Rose v. Commissioner of Social Security

Filing 27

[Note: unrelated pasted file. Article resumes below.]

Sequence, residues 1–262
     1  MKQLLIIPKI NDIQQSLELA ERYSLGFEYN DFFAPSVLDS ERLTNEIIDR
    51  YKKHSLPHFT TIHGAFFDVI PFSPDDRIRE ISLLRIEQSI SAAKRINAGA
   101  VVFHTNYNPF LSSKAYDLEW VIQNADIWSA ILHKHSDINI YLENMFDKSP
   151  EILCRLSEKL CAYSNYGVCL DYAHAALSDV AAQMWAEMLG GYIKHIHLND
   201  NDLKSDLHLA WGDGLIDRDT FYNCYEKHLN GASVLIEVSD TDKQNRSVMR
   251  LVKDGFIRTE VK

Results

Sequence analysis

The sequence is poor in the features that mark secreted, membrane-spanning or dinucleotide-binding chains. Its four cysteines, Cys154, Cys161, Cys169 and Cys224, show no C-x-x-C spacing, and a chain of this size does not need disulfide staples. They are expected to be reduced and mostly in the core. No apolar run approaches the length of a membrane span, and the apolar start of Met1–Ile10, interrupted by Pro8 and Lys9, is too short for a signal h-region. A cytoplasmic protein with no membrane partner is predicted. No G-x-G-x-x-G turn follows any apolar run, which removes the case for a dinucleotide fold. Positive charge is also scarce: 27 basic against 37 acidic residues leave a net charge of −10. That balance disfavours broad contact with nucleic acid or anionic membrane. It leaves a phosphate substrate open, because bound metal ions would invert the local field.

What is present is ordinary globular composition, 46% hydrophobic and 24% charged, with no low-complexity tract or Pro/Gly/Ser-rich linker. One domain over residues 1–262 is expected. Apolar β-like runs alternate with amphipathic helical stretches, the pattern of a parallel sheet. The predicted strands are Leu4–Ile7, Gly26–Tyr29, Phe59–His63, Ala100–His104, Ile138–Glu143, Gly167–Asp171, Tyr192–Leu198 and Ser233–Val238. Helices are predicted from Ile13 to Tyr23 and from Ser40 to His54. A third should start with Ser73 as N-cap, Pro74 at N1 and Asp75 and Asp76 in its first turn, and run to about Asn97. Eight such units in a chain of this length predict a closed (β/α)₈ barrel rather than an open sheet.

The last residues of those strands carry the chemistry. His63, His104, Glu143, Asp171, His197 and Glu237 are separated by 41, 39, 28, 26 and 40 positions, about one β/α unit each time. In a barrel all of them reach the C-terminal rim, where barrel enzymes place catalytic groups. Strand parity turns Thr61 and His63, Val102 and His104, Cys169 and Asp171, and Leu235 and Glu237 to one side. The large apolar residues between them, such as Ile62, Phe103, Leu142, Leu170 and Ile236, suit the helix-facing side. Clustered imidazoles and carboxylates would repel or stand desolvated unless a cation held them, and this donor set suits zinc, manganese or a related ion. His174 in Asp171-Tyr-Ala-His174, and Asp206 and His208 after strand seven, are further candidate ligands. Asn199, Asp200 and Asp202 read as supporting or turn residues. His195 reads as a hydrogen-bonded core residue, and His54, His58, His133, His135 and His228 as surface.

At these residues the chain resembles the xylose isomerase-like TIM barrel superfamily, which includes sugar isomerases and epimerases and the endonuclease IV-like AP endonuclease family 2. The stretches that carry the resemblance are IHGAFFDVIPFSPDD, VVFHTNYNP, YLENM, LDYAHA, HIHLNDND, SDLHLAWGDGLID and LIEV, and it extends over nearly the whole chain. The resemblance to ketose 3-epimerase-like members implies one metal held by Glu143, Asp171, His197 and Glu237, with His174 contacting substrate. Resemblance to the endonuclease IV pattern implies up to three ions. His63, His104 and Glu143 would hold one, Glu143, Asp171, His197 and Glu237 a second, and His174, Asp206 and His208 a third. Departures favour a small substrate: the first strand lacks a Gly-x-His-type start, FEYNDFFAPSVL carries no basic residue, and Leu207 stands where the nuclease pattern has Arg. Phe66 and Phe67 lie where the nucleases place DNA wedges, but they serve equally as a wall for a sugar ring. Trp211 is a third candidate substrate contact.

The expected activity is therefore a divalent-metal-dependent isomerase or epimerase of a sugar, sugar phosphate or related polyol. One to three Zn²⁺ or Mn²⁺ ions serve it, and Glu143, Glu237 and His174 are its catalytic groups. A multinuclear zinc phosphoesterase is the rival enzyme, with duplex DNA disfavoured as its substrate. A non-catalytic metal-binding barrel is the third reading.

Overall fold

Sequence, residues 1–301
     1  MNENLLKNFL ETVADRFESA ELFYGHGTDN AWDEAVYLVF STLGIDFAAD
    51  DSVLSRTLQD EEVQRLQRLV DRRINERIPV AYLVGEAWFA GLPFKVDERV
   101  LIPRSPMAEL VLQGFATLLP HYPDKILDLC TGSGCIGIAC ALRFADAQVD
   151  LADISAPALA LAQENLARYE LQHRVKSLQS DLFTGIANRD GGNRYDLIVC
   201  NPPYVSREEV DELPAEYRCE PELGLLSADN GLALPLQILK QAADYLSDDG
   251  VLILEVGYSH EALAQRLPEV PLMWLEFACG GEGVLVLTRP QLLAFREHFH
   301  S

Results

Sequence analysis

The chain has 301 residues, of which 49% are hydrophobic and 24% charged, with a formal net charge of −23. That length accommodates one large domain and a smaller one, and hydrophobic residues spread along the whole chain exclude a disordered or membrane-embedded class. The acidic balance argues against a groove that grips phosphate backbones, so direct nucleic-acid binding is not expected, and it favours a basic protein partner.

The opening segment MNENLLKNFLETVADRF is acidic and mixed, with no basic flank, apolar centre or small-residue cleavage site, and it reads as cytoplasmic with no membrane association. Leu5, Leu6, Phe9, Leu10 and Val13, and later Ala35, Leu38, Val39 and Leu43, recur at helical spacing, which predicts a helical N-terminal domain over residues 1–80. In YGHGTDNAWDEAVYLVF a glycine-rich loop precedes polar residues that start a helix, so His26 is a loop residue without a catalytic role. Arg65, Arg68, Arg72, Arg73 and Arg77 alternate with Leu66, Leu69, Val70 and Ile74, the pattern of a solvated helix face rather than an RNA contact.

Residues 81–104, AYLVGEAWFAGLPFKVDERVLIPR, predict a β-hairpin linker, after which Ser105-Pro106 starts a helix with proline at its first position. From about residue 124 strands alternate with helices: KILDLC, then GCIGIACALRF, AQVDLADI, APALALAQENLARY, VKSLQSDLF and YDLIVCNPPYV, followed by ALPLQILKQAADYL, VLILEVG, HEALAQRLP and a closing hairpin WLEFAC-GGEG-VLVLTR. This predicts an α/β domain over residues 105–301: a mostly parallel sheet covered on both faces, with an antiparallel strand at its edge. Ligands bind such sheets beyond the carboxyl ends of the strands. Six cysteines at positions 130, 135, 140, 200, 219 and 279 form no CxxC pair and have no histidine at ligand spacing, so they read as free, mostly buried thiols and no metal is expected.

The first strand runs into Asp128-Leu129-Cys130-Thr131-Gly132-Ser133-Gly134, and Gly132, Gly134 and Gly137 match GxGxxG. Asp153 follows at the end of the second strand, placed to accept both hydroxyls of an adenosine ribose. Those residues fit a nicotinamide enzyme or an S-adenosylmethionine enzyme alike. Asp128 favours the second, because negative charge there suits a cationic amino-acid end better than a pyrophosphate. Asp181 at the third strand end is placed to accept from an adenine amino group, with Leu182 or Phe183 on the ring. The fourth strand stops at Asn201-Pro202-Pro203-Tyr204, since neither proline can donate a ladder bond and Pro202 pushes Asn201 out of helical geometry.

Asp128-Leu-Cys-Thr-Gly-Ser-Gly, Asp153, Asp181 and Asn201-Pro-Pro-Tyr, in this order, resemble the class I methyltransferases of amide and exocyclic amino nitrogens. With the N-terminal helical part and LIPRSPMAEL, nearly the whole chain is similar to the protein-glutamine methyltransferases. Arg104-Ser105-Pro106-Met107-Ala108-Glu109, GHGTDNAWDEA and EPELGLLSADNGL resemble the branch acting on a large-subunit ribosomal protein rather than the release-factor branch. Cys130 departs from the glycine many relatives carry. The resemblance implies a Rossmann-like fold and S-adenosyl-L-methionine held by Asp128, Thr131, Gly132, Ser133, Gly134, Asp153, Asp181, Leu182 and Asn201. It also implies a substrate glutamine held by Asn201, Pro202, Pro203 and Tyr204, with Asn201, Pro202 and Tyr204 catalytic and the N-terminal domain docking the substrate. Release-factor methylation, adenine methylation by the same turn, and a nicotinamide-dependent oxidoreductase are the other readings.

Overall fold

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UNITED STATES DISTRICT COURT EASTERN DISTRICT OF MICHIGAN SOUTHERN DIVISION JEFFERY STEVEN ROSE, Plaintiff, Civil Action No. 16-12622 Magistrate Judge David R. Grand v. COMMISSIONER OF SOCIAL SECURITY, Defendant. __________________________________/ OPINION AND ORDER DENYING PLAINTIFF’S MOTION FOR SUMMARY JUDGMENT [141, 15], GRANTING DEFENDANT’S MOTION FOR SUMMARY JUDGMENT [20], AND AFFIRMING DECISION OF THE ALJ Plaintiff Jeffery Steven Rose (“Rose”) brings this action pursuant to 42 U.S.C. §§ 405(g), 1383(c), and 1631(c)(3), challenging the final decision of Defendant Commissioner of Social Security (“Commissioner”) denying his application for Supplemental Security Income (SSI) and disability insurance benefits (“DIB”) under the Social Security Act (the “Act”). Both parties have filed summary judgment motions (Docs. #14, #15, #20), and Rose filed a reply brief. (Doc. #23). The parties have consented to this Court conducting all proceedings, including entering a final judgment, pursuant to 28 U.S.C. § 636(c) and Fed. R. Civ. P. 73. (Doc. #16). A hearing was held on September 7, 2017, where Rose’s attorney, Lewis M. Seward, and the attorney for the Commissioner, Amy C. Bland, appeared by telephone. I. BACKGROUND Rose filed applications for SSI and DIB on August 21, 2013, alleging disability 1 Plaintiff mistakenly filed two identical summary judgment motions. The Court’s citations will be to the latter one. beginning December 1, 2005.2 Rose’s claims were initially denied by the state disability determination service (“DDS”) on November 19, 2013, and he subsequently requested a hearing before an ALJ. ALJ Mark Kim held a hearing on May 12, 2015, at which Rose, acting pro se, and a vocational expert testified. (Tr. 25-54). On July 16, 2015, ALJ Kim issued a decision finding that Rose was not disabled through the date of the decision. (Tr. 10-20). The ALJ’s decision became the Commissioner’s final decision when the Appeals Council denied Rose’s request for review on June 9, 2016. (Tr. 1-3). Rose, now represented by counsel, timely filed his instant complaint challenging ALJ Kim’s decision. (Doc. #1). II. ANALYSIS Rose’s challenge to the ALJ’s decision fall into two categories: (1) that the ALJ failed to develop the record; and (2) that the RFC adopted by the ALJ is not (in a few separate respects) supported by substantial evidence. For the reasons stated on the record, including the following, these arguments lack merit. Rose’s Argument that the ALJ Failed to Fully Develop the Record The parties agree that absent special circumstances, the claimant has the burden of providing a complete record, and that those “special circumstances” exist only when the claimant: (1) appears without counsel; (2) is not capable of presenting an effective case; and (3) is unfamiliar with the hearing procedures. Nabours v. Comm’r of Soc. Sec., 50 F. App’x 272, 275 (6th Cir. 2002). The hearing transcript in this case makes clear that despite having certain mental limitations, Rose did not meet the second and third “special circumstances.” This was Rose’s second hearing before an ALJ, so he was familiar with the hearing process. 2 The Rose had filed prior SSI and DIB applications on August 19, 2008, in which he alleged a disability onset date of November 2, 2005. After a hearing on those claims, ALJ Peter N. Dowd denied them in a written decision dated January 6, 2010. 2 transcript reflects that the ALJ explained the hearing procedures and Rose’s rights, and that Rose understood them. As to his desire to proceed without an attorney, Rose explained that he was “nauseated” by the “T.V. commercials … about disability attorneys …” (Tr. 31). He later referenced a negative experience he had when he was represented by an attorney in an insurance dispute. (Tr. 46). Most importantly, Rose repeatedly answered the ALJ’s substantive questions directly and cogently. The one question and answer Rose highlights in his brief (Doc. #15 at 11, citing Tr. 47) in which the ALJ asked Rose whether he objected to the vocational expert’s (“VE”)’s qualifications, does not change the analysis. Rose answered, “No sir,” and later reiterated that he did not challenge the VE’s qualifications. (Tr. 47). In between, Rose added a comment that suggests he understood, at least generally, what the VE would be testifying about; Rose explained how individuals at Saginaw Community Health had helped place him “out in the workforce…” (Tr. 47). Additionally, as the ALJ referenced in his decision, the record includes a consulting doctor’s finding that Rose’s “thoughts were spontaneous, logical, and organized…He provided lots of details…” (Tr. 17, 252). Moreover, the substance of the documents that Rose says should have been included in the current record were discussed in the prior ALJ’s earlier decision and/or by the consultative and DDS psychologist (and thus were before ALJ Kim3), or are simply immaterial in light of the other substantial evidence in the record. The Court notes that Rose’s instant application contains no indication of a bipolar disorder, and the record was replete with evidence that Rose’s refracture of his foot resulted only in him receiving a “walking cast,” and that he continued to enjoy going on walks and riding a bicycle. (Tr. 40, 41, 176, 177, 202, 244-46, 252). Rose also testified that while the issue caused his foot to be “crooked,” it does not cause him any pain. (Tr. 3 Indeed, ALJ Kim specifically adopted the 1996 IQ report’s finding of borderline intellectual functioning. 3 45). Rose’s Arguments that the ALJ Adopted an Improper RFC Contrary to Rose’s arguments, the ALJ was not required to base the RFC upon a physician-determined RFC. Sparrow v. Comm’r of Soc. Sec., No. 15-11397, 2016 WL 1658305, at *7 (E.D. Mich. Mar. 30, 2016). Rather, the ALJ’s obligation was to determine an RFC that is supported by substantial evidence in the record. ALJ Kim did that here in adopting the following RFC: medium work … except he can frequently climb ramps and stairs, balance, stoop, kneel, crouch, or crawl; he is limited to simple, routine, and repetitive tasks; and he is limited to work with no interaction with the public, and only occasional interaction with co-workers. (Tr. 16). In terms of the physical demands of medium work which Rose challenges, the record contains his own self-reports and testimony of lifting the applicable amount of weight in his prior work, as well medical and other record evidence supporting that level of work. (Tr. 16, 17, 38, 187, 188, 244). As for walking, the ALJ appropriately noted Rose’s own self-reports and Dr. James Braseur’s findings that Rose could ambulate normally. (Tr. 244, 246, 252). The ALJ also noted Rose’s daily activities, including walking, riding a bike, mowing the lawn, doing chores, and cooking meals. (Tr. 17). As for Rose’s mental limitations, the ALJ appropriately noted that Dr. Braseur found that Rose’s “recall of various things in the past was extremely sharp.” (Tr. 17, 243). He also cited consulting Dr. Nathalie Menendes’ findings, which include that during her evaluation of Rose, he was “cooperative, calm, open, and friendly… [his] contact with reality was good. His insight was adequate . . . [his] thoughts were spontaneous, logical, and organized. He was very talkative… [and] provided a lot of details…His affect was appropriate…[he] was oriented to 4 time, person, and place.” (Tr. 17, 252). Dr. Menendes also found that “[r]apport with [Rose] was easy.” (Tr. 17, 251). Dr. Menendes’ findings also showed that Rose was aware of current events. (Tr. 253). Rose also reported having close relationships with his parents, sisters and children, and having some other “good friends,” as well as a girlfriend. (Tr. 14, 251). And he reported that he enjoyed reading magazines. (Tr. 17, 252). He also reported taking care of a young daughter by himself for three years during the period for which he claims he was disabled. (Tr. 251). Mark Garner, Ph.D., reviewed the record and determined that Rose was “not significantly limited” in his ability to: remember locations and work-like procedures; understand, remember and carry out very short and simple instructions; perform activities within a schedule; maintain regular attendance, and be punctual; sustain an ordinary routine without special supervision; make simple work-related decisions; perform at a consistent pace without an unreasonable number and length of rest periods. (Tr. 81). The ALJ was well within his rights to rely on this opinion in formulating his RFC, 20 C.F.R. § 404.1527(e)(1); Social Security Ruling 96-9p, 1996 WL 374180, at *1 (July 2, 1996), and all of the foregoing show that the ALJ’s RFC adequately addressed Rose’s anxiety, social limitations, and concentration deficits. The ALJ also appropriately discounted Rose’s allegations of disabling impairments because they were contradicted by the record evidence, including his interactions with the consulting examiners and the ALJ himself at the hearing. (Tr. 17). The Court also notes that Rose reported that he stopped work due to a “lack of work,” not his alleged impairments. (Tr. 167, 173, 199). III. CONCLUSION For the foregoing reasons and those set forth on the record, the Commissioner’s motion 5 for summary judgment (Doc. #20) is GRANTED, Rose’s motion for summary judgment (Docs. #14, #15) is DENIED, and the Commissioner’s decision is AFFIRMED. IT IS SO ORDERED. Dated: September 8, 2017 Ann Arbor, Michigan s/David R. Grand DAVID R. GRAND United States Magistrate Judge CERTIFICATE OF SERVICE The undersigned certifies that the foregoing document was served upon counsel of record and any unrepresented parties via the Court’s ECF System to their respective email or First Class U.S. mail addresses disclosed on the Notice of Electronic Filing on September 8, 2017. s/Eddrey O. Butts EDDREY O. BUTTS Case Manager 6